Sunday, April 22, 2007

My fascination with computers

I'm currently still fairly fascinated with computers. Although I've been exposed to these machines for two decades, I can safely say that I'm learning new things about them all the time. I had a recent deadlock in my research work. However, after being inspired by Tanenbaum, he has set me down a path that allows me to discover new things every minute.

Let me talk a bit about my background with computers. I was exposed to the Atari consoles before I had even gone to school. At 9, I taught myself how to programme. At 20, I taught myself how to design microprocessors. For the last two years, I have been exploring very exotic processor designs as part of my PhD. I have discovered that the current standards have achieved dominance through commercial reasons, not technical ones. There are a lot of interesting microprocessor architectures out there.

For example, at the turn of the 20th century, computers were largely mechanical. During WWII, electronic analogue computers played a crucial role in weapons design as well as calculating bomb trajectories. It wasn't until the end of the war that electronic digital computers began to play a prominent role, with their code breaking prowess. In the 1950s there were heated debates on which type of computer was best. The digital one won as a result of it being cheaper to run than the analogue ones.

Now, I'm discovering new types of computer architectures that are so abstract that I have never even heard of before, much less seen one. The current dominant form of computation can be considered a form of Random Access Stored Programme (RASP) machine. There are so many other forms of digital sequential computer architectures that are good for different things. As usual, good enough is the enemy of best. So, although current computers aren't exceptionally good at doing many things, it's good enough for almost everything. Plus, they got predictably cheaper every 18 months. So, these alternative architectures do not see the light of day and are crushed by existing standards.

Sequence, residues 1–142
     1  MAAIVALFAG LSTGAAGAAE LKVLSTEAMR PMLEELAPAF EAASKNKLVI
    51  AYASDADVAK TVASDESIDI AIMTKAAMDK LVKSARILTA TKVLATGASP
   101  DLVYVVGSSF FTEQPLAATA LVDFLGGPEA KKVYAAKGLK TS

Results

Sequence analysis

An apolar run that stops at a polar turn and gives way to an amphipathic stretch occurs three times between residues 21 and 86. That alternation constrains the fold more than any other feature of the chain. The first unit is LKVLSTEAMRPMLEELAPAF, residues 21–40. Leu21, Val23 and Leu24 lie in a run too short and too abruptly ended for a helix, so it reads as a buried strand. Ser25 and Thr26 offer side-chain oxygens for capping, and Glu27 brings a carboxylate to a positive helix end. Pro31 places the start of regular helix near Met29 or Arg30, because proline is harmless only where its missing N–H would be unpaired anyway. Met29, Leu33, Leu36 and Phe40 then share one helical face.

I've also been studying computer architecture at a different abstraction level, virtual machines. Through this, I have discovered how software compilers actually work. In essence, a C compiler (for example) will compile the code to run on a machine that usually isn't the computer microprocessor. This model will then be translated into actual machine instructions that the actual microprocessor can execute. So, the microprocessor is actually running code that makes it perform like another virtual microprocessor, which the C code is compiled for. You may wonder how it is possible that a computer has the capabilities to run code that wasn't designed for it. Well, a very smart chap from King's College (Cambridge), Alan Turing, has essentially shown that any practical computer can perform the tasks of any other computer. So, just accept for a fact that a computer can emulate another computer, which should be obvious to anyone who has used an emulator before.

All this is very exciting and interesting. It's the kind of thing that only certain people (like me) will be fascinated over. I would really like to continue to study these machines in detail. I wonder if I should consider a career in academia, working on microprocessor designs for the rest of my life. I don't actually mind working in this field of study, however, the politics in academia would totally kill me. So, I guess not. I'll just have to find some other avenue to study these alternative microprocessor architectures.

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